How did you manage to convince your PCP? Neither my PCP nor my endo will run the tests. Both say they do not run those tests. Since I already have three AI diseases, I would like to have the tests run to reassure myself, and not just go by my age (44) as a Type 2 diabetic.



Never more than 20 carbs a day. It's hard to do that, not because I crave carbs, but because there are hidden carbs in lots of things. Some people don't count the carbs in lettuce, for example. If you're diabetic, you can't just ignore some carbs and count others.

I went in with articles on LADA, the list of tests and discussed how my presentation fit with my sudden onset, DKA, unexplained weight loss, polyuria, polydipsia, visual changes and my insulin sensitivity in the ER. Not to mention I was fit, active and had a normal BMI. Was able to get the c-peptide first and when it was low rather than high as a T2 would be was then able to get the rest of the panel. Was prepared to pay out of pocket if needed. It makes a huge difference on what insurance will cover if you have the T1/LADA, dx vs a T2.

Maybe you can get the c-peptide and go from there. If you are a t2 you are making lots of insulin so it should be high, if your a T1/LADA, you are not able to make normal amounts so if LADA, may be extreme low end of normal, and full T1 then will be below normal range.

Also discussed how I could only eat around 10-15 gm of carbs per meal without going high.

I had a very difficult time getting tests. After repeated requests I was granted a c-peptide, but it was inconclusive. I had high fasting blood sugars (140-160 mg/dl) but my c-peptide was in the "normal range." I never convinced my PCP(s) to give me the antibody tests (one actually admitted to me she didn't know how to interpret the result) and then finally had success with my second endo who "granted" me the GAD test which was negative. I was finally given a fully antibody panel by my current endo about four years after first asking for the tests.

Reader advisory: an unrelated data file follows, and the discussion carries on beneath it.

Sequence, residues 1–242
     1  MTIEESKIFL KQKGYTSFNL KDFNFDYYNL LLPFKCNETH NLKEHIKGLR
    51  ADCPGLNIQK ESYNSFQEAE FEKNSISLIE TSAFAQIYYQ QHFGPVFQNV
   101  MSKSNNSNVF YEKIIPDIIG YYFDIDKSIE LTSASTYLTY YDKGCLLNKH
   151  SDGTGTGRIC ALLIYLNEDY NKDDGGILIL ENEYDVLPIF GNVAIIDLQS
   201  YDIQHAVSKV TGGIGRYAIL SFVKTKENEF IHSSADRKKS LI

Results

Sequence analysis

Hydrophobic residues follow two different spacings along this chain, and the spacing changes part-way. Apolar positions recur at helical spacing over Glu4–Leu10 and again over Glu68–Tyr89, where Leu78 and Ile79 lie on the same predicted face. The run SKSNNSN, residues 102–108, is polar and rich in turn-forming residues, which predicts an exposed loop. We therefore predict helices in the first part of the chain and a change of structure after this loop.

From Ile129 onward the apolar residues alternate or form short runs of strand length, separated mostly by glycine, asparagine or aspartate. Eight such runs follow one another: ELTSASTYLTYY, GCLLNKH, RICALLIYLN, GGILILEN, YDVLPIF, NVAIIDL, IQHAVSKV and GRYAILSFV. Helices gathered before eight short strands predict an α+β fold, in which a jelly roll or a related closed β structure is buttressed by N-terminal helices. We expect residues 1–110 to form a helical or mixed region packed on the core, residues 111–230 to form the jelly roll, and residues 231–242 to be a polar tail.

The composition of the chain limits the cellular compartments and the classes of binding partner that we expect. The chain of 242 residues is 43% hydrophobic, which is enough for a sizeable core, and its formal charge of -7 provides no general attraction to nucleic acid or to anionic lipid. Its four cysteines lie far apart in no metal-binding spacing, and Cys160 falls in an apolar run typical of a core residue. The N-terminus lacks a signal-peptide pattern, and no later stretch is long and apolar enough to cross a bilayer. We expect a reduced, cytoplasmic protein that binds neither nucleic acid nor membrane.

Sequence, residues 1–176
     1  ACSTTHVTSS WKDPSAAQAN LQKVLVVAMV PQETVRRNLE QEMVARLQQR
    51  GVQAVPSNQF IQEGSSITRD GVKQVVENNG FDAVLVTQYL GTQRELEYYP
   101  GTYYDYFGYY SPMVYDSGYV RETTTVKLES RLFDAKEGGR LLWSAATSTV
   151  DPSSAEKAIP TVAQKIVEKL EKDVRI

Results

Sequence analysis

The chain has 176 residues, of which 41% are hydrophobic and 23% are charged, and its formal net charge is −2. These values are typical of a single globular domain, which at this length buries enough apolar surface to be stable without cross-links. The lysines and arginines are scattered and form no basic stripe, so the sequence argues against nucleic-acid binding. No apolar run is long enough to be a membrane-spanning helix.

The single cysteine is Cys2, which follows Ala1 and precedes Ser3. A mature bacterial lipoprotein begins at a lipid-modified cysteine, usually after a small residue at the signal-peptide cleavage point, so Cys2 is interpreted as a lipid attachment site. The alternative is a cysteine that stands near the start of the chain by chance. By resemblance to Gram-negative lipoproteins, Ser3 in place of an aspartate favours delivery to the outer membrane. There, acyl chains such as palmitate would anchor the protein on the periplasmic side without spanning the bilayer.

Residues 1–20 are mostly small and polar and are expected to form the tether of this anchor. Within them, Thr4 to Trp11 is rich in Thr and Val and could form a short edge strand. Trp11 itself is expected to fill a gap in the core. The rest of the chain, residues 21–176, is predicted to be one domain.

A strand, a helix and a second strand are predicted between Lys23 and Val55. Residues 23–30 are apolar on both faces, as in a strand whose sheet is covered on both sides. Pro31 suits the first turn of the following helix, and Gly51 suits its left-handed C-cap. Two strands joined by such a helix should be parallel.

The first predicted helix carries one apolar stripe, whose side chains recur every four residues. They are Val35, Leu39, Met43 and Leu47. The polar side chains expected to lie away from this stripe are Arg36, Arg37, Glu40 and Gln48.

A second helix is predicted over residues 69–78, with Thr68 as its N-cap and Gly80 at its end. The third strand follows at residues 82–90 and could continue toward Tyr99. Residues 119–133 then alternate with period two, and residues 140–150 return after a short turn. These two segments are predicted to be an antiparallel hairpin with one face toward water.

Personally, I consider it good practice to give every newly diagnosed patient a full body of antibody and c-peptide tests. Unfortunately c-peptide alone isn't useful. My last c-peptide came in at 0.4 ng/dl, I seem to have a continued decline in beta cell function despite my best efforts at control.

In the end, a diagnosis of T2 simply means you have "diabetes of unknown type." Diabetes is a complex and multispectrum condition. In the end, having a specific label may be useful but what is more important is really getting the right treatment. So for three years I've been using insulin despite several (actually most) of my doctors who didn't want me to use insulin.

I'm trying to figure out if most of the low carb posts on TuD are referring to total carbs, or carb counts after subtracting fibre? Those of you who do just 20 or 30 grams a day - is that inclusive of or excluding fibre? I was assuming it's total carbs but wondering if I'm wrong...

The hidden carbs you have to watch out for are those in processed foods, not the ones in lettuce and cucumber! If you eat nutritious, whole foods, and all your carbs are from non-starchy vegetables, you don't even have to give it any thought.